Early Learning in the United States

These state fact sheets provide data on access to affordable child care for families, compensation for child care providers, and economic benefits of increased public investment in early learning.

Three children play together at Little Flowers Early Childhood and Development Center in the Sandtown-Winchester neighborhood in Baltimore on Monday, January 11, 2021. (Getty Images/Matt Roth)

The Center for American Progress produces annual state fact sheets that overview the current early childhood landscape and opportunities to expand access to quality child care and early learning for families across all 50 states and the District of Columbia. Sustained public investment in early learning would create opportunities for states to build systems that support working families while compensating early educators for their essential work.

In this series

Early Learning in the United States: 2021
Fact Sheet

Early Learning in the United States: 2021

These state fact sheets provide data on access to affordable child care for families, compensation for child care providers, and economic benefits of increased public investment in early learning.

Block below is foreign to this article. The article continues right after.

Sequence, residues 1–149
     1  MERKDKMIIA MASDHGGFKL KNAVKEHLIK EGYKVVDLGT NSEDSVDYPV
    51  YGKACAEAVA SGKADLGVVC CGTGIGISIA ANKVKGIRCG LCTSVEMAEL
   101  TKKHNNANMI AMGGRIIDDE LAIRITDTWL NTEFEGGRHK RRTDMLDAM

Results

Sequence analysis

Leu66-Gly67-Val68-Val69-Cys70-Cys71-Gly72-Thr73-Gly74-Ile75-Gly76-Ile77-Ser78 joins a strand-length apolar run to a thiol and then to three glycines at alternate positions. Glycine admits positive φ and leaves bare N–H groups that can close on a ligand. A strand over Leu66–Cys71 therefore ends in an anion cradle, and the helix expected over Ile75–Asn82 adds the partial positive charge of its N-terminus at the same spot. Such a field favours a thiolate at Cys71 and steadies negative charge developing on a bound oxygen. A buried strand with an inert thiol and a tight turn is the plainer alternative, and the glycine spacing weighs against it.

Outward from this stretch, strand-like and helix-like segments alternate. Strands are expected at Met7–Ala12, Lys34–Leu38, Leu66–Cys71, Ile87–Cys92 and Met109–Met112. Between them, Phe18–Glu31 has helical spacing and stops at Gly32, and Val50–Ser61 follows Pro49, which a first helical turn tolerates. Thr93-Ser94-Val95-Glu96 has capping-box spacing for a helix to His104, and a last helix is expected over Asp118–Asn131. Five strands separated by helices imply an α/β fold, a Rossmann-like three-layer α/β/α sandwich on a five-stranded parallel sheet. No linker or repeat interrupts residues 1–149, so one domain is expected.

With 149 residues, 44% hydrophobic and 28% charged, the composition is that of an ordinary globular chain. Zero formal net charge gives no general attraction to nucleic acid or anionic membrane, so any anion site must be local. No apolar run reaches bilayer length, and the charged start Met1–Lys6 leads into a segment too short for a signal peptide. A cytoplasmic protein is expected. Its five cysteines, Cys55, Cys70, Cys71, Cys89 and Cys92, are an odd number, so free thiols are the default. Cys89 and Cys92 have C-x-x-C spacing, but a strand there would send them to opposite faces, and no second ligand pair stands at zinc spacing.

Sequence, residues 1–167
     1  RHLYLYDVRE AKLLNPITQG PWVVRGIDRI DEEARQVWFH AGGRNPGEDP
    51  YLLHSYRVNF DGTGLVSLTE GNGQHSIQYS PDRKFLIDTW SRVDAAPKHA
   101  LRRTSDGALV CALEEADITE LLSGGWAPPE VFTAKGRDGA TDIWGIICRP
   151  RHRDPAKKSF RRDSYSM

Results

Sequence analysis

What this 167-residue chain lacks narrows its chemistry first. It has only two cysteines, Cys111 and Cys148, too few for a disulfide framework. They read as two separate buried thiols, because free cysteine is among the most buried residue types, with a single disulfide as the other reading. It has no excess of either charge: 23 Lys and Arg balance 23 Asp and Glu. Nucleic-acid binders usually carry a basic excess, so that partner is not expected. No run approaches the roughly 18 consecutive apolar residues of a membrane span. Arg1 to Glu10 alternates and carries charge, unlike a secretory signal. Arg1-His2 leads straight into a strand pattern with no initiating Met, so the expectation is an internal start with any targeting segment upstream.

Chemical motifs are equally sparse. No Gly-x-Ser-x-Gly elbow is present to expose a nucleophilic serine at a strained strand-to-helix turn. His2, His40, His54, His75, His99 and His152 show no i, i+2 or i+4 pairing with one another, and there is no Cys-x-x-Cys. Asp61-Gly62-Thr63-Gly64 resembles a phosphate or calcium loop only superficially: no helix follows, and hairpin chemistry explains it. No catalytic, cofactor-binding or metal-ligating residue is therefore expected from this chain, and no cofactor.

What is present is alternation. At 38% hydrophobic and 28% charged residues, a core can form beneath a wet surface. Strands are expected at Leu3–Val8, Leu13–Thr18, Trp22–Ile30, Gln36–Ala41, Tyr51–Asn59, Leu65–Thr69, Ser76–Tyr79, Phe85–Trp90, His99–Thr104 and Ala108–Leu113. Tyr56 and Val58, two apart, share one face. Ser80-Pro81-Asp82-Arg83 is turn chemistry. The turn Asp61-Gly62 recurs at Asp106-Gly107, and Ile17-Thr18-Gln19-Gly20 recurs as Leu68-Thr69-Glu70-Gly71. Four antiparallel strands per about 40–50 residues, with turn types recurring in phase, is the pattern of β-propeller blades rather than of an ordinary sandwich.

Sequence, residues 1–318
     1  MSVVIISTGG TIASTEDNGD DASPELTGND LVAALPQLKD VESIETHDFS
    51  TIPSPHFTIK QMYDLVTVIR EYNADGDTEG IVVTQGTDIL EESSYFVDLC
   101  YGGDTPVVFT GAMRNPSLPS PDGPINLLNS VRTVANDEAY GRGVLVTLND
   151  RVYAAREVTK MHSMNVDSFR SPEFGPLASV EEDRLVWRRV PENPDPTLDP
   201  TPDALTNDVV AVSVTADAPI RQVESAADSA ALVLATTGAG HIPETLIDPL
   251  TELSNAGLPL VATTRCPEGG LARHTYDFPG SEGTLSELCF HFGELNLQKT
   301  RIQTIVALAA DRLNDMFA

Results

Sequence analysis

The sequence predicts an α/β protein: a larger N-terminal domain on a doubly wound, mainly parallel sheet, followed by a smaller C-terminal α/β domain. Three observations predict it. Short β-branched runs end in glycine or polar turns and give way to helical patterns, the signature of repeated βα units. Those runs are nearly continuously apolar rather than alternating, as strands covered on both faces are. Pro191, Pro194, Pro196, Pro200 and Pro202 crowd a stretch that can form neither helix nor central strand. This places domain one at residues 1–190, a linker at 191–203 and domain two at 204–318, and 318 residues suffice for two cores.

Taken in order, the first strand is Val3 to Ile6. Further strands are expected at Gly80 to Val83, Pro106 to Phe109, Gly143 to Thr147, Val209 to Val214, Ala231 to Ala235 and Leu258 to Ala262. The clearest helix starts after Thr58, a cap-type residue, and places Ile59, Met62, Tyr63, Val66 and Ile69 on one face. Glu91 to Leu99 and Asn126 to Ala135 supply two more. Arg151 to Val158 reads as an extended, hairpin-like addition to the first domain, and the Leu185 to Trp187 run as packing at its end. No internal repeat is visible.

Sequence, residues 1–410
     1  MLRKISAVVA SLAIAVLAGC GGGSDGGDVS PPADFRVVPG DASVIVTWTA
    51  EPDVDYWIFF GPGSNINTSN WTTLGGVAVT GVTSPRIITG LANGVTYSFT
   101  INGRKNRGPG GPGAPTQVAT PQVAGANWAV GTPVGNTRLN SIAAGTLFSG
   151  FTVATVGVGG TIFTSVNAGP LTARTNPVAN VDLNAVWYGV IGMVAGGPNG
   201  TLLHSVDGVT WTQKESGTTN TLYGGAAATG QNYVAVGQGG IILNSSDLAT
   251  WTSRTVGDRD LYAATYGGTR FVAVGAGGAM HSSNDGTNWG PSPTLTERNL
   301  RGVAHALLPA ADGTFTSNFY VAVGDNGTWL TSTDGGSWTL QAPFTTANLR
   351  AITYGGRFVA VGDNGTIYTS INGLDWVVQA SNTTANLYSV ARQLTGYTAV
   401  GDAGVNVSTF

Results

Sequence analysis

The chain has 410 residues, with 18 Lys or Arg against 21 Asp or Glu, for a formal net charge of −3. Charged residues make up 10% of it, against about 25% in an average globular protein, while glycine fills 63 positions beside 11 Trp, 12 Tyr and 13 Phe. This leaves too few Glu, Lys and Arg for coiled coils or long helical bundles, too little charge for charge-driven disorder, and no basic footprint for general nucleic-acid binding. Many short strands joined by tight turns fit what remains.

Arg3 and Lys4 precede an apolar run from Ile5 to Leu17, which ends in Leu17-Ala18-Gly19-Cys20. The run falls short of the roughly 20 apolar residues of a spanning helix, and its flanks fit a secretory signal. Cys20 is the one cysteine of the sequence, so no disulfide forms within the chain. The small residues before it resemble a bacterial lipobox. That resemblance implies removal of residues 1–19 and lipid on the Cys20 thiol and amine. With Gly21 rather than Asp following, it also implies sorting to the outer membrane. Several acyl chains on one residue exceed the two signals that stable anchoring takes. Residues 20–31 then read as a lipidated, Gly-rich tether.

MK Falgout

Early Learning in the United States: 2019
Fact Sheet

Early Learning in the United States: 2019

These fact sheets outline the current state of early learning and opportunities for improvement in all 50 states and the District of Columbia.

Steven Jessen-Howard, Simon Workman

Early Learning in the United States: 2018
Preschoolers engage in a toy sharing learning exercise at an early childhood education program in Los Angeles, March 2013. (Getty/Los Angeles Times/Lawrence K. Ho)
Fact Sheet

Early Learning in the United States: 2018

These fact sheets explore the status of early childhood programs in each state and highlight the need to invest in programs that support child development, allow parents to work, and strengthen state economies.

Simon Workman, Steven Jessen-Howard

Early Learning in the United States: 2017
Fact Sheet

Early Learning in the United States: 2017

By preparing children for school and enabling parents to work, high-quality child care and preschool are a necessity for children, families, and the economy. These fact sheets explore the status of early learning programs in states and the need for state investment in these programs.

Simon Workman, Jessica Troe

Early Learning in the United States
Children climb in the playground at a preschool in Hinesburg, Vermont, July 7, 2016. (AP/Lisa Rathke)
Fact Sheet

Early Learning in the United States

Because high-quality child care and preschool prepare children for school and enable parents to work, they are necessities for children, families, and the economy, and state and federal policymakers must work to improve the U.S. early learning landscape.

Jessica Troe